Also, the price of the property might be agreed upon at the time of the agreement, but mortgage rates can still increase by the time the buyer becomes eligible and exercises the lease purchase or lease option.
Mark Colwell, a Redfin real estate agent and real estate investor in San Francisco, has entered into several lease-option transactions and says the arrangement gave him more time to consider his financing options.
"Depending upon the state, [a tenant who moves out] may still have an interest in the property that can impair title to the property," Ernsberger says.
"It could be a house in a neighborhood that you really want to settle in but for whatever reason you can’t qualify to buy a home," says Barry Zigas, director of housing policy at the Consumer Federation of America.
"If you’re six months away from getting financing, this a way to tie up a property in today’s market and pay for it later at today’s price," Colwell says.
"Instead, you can qualify to rent one that you’d like to be able to buy in the future." Zigas says rent-to-own especially appeals to former homeowners who want to get back into ownership.
I would suggest using a Buyers Agent to assist in the transaction, close with a title company and make sure the contract is recorded with the county.
You should also have a title company assure there is a clear title, the person your are purchasing the house from is the owner and to record the proper documents with the county.
The bank, as owner of an underlying mortgage, has superior claim to the property, and can (and often will) boot out the land contract buyer with no recourse, even if they have been paying diligently every month.
In such a case, the theoretical way it works is that the seller collects a monthly payment from the land contract buyer, uses the proceeds to pay off his own underlying mortgage, and pockets the difference.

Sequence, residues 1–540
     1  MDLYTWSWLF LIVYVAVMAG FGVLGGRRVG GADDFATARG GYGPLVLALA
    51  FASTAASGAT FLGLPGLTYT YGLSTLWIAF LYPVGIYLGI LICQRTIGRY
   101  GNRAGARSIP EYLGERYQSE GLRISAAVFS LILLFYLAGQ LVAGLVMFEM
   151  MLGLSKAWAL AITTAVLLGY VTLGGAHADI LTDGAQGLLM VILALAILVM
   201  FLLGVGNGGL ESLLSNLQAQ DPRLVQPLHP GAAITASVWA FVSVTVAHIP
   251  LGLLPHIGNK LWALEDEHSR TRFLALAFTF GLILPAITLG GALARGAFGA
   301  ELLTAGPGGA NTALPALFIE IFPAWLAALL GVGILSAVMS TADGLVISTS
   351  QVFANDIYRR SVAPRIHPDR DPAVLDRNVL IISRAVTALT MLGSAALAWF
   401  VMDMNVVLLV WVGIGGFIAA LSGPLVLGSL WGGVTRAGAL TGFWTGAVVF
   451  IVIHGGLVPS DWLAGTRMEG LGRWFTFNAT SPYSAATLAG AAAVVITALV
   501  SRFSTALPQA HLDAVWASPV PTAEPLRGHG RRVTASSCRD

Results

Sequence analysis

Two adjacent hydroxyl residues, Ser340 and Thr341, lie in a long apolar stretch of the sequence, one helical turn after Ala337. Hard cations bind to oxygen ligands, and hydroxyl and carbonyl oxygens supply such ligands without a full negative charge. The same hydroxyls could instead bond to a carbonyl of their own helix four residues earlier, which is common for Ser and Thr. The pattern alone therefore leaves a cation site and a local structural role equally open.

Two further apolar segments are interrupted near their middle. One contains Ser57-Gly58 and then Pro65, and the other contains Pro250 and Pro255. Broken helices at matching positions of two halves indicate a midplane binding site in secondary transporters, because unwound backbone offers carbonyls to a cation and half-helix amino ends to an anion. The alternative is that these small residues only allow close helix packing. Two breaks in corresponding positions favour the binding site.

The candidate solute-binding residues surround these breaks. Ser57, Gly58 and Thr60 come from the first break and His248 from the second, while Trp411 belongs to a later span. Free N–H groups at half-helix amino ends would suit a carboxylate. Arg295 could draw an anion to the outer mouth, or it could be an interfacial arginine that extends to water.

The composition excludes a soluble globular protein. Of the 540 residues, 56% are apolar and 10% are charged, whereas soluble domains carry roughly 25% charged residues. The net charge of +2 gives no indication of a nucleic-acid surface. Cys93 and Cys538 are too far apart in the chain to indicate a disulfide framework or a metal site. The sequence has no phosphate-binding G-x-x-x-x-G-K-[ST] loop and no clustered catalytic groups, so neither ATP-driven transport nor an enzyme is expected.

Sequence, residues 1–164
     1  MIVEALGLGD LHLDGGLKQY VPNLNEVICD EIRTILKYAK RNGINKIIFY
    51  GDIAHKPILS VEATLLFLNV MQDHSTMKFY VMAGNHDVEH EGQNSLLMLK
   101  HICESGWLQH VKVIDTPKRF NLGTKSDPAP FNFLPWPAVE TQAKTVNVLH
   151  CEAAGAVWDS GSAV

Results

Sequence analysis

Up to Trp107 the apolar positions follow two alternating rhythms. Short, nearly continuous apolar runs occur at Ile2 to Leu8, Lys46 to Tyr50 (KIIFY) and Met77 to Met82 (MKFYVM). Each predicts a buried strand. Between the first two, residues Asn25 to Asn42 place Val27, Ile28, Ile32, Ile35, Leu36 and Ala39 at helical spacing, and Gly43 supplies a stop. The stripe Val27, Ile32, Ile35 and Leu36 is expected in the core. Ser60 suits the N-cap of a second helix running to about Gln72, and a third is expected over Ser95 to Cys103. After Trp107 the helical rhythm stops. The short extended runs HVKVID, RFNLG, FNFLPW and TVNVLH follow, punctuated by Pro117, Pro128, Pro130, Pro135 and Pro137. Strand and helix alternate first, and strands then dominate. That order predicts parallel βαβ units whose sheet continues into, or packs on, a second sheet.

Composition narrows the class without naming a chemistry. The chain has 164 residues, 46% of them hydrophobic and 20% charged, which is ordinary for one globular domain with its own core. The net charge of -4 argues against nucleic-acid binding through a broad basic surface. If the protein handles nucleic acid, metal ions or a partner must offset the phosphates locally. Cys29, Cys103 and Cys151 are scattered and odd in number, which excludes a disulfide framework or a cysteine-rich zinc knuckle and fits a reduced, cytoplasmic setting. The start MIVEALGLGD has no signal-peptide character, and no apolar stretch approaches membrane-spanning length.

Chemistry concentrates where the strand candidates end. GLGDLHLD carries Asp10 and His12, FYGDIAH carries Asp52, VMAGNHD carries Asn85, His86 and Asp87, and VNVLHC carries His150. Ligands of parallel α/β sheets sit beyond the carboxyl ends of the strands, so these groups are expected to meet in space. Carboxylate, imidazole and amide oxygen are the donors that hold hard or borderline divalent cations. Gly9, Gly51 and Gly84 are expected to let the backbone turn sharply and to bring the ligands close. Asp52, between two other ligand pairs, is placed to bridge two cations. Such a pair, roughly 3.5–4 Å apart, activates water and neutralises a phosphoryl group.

The other way to mitigate the risk is simply to avoid buying a property that has an underlying mortgage, and make sure the seller has clear title before purchasing it on land contract.
One of the biggest issues with land contract sales occurs when the seller still has an underlying mortgage with their own bank.
The bank does not recognize the land contract because they didn’t sign off on it, and often isn’t even aware that it exists—it’s simply a contract between buyer and seller.
Instead of trusting the seller to make their mortgage payments out of the money you give him every month, you can instead make two payments: One to the seller’s bank, essentially making the seller’s mortgage payments for them; and another to the seller directly, to make up the difference between your contracted payment and the amount that goes to the bank.
The sellers sued for breach of contract, arguing that any appraisal of $620,000 or more obligated the buyers to buy the house.
"In every contract, there are things that must be done within X number of days from the effective date: inspections, loan applications and approval, title searches," Marks says.
Who’s right? Florida’s Second District Court of Appeal favored the would-be buyers, ruling in April 2010: "In our view, ‘appraising for no less than $620,000’ means that no appraisal may be less than $620,000," the court ruled.
"In this case, it should have read, ‘This agreement is contingent, at buyers’ option, on the property appraising for at least $620,000 as determined by the appraiser for the buyers’ lender,’" he says.
The buyers argued that any appraisal for less than $620,000 allowed them to terminate the contract.
The purchase contract provided that the sale was "contingent upon this property appraising for no less than $620,000," according to court documents.
If the date passes and no financing has been secured, the sellers may terminate the contract and keep the earnest money deposit.
"You don’t want to mess with the government," Heimbichner warns, "because you’re going to get slapped." If your land contract contains an existing mortgage, you should seek the advice of a real estate lawyer.
Vendee makes a second payment to Vendor on $40,000 owner-carried financing, bearing interest at 6.5% and payable at $253 per month.
Lenders have had a long history of calling loans immediately due and payable if buyers took title "subject to" to the existing loans.
Vendee makes one payment of $268 on the existing loan balance of $50,000, bearing interest at 5%.
The existing underlying loan is $50,000, payable at 5% interest with a payment of $268.
The Vendee can agree to pay the existing lender directly and make another payment to the Vendor, or the Vendee can send one payment to the Vendor, and the Vendor will disburse payment to the underlying lender.
One of the biggest lawsuits from that period evolved from buyers taking title subject to existing mortgages held by federal savings and loan associations.
The Vendor earns 6.5% interest on $40,000 of equity, PLUS 1.5% interest on the existing mortgage of $50,000 and pockets $299 a month.